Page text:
But, as I’ve said, the really impressive thing for me was the rain rate, and how sustained it was. Very high rainfall rates are not that uncommon, but lasting more than a few minutes is very unusual.

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By Stephen Burt, Department of Meteorology, University of Reading

There is much febrile comment in the media concerning the current heatwave. A common statement is ‘this is the greatest heatwave since the hot summer of 1976’.

Always a shame to spoil a good story with the truth, but that’s simply not true, and by a long way.

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By Dr Andrew Charlton-Perez, Department of Meteorology, University of Reading

Former BBC weather forecaster Bill Giles’ criticism of weather forecasts raises questions about how weather is communicated generally.

Mr Giles has hit out at forecasters for regularly warning the public about the potential consequences of imminent severe weather, arguing they are ‘behaving like nannies’ and could cause the public to become ‘immune’ to the advice.

Rain in Reading – watch out for that puddle!

He added the practice of naming storms had become too frequent, and that forecasters should only advise people about potential dangers for ‘exceptionally severe weather’, which occurs once every few years.

But how much weather information is the right amount for the public? How much do they understand? Could an appreciation of the uncertainty of forecasts actually improve our faith in them?

Research at the University of Reading has shown that not only is the average person able to process more complex weather forecast information, they are likely to make better decisions as a result of the additional information.

Scientists at Reading have therefore begun looking at whether the way weather predictions are presented to the general public can be improved.

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What happens to the Earth when the Sun’s activity hits a 300-year low, as is predicted in the next few decades?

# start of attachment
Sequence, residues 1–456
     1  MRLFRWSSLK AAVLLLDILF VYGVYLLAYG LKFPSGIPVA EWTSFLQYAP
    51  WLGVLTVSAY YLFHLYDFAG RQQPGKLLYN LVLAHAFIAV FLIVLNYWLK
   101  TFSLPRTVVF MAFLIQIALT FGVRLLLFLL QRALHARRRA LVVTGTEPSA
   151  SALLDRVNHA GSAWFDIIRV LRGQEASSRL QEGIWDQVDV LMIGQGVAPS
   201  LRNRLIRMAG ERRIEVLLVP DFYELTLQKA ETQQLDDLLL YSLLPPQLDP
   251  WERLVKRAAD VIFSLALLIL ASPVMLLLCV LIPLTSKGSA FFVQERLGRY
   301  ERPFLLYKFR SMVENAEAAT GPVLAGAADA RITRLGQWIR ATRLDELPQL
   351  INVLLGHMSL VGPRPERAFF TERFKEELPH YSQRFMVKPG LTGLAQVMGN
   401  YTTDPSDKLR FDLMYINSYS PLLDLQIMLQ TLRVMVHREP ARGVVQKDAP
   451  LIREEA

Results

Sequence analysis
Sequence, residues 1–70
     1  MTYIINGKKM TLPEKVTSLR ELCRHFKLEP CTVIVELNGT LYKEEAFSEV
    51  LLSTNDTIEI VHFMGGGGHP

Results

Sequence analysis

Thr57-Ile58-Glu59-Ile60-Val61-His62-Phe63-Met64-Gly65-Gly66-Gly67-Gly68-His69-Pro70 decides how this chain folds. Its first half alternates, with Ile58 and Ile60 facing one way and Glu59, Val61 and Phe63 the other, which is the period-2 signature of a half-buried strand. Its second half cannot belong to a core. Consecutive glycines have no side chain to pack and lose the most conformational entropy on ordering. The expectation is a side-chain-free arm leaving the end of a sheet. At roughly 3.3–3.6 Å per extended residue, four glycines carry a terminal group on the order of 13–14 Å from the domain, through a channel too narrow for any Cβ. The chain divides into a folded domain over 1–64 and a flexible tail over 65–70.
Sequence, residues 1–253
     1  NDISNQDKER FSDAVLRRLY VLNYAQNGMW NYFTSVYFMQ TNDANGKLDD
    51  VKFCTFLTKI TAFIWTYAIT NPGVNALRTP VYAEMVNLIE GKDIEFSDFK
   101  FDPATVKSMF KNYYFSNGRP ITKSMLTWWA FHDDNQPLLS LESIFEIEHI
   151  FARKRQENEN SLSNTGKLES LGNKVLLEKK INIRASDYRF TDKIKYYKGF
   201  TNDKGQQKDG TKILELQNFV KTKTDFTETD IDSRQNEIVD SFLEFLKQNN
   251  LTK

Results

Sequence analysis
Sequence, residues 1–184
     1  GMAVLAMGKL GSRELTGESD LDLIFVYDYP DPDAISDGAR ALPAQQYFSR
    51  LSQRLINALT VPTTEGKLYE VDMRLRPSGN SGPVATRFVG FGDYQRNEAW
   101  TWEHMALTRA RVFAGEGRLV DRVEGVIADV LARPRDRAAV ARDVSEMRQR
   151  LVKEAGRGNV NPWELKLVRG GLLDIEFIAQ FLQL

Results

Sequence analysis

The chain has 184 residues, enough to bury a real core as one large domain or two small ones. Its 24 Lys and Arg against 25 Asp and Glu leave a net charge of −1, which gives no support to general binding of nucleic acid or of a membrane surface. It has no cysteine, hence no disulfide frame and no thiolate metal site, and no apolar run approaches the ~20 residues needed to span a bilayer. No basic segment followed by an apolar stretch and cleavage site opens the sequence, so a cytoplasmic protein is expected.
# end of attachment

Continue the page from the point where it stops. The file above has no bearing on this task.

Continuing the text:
Research published this morning in Scientific Reports by Dr Mathew Owens and Professor Mike Lockwood has the answer. And if you enjoy the occasional visit of the beautiful Northern Lights to latitudes as low as Britain, then sorry – it’s bad news.

Matt Owens talked about the research in this 1-minute video:

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Clouds could be given a helpful jolt of electric charge to increase much-needed rainfall in dry parts of the world, thanks to an award-winning research proposal by scientists at the University of Reading.

The new study will investigate how charge modifies the growth of tiny water droplets into larger drops that fall as rain. It will use a supercomputer to simulate the cloud processes in detail, with specially developed robotic aircraft to sample and charge the clouds.

The Reading team was one of three groups awarded funding in this year’s US $5-million-dollar United Arab Emirates (UAE) Research Program for Rain Enhancement Science, at a ceremony in Abu Dhabi on Tuesday 17 January. Reading will receive US $1.5m.

The story has been given wide coverage in the region’s media. Read news story in ‘The National

 

Professor Giles Harrison is interviewed at the ceremony in Abu Dhabi

Giles Harrison, Professor of Atmospheric Physics at the University of Reading, said: “Our project is about changing the balance of charges on the tiniest cloud droplets, a neglected aspect of clouds which could revolutionise our ability to manipulate rainfall in areas that need it most.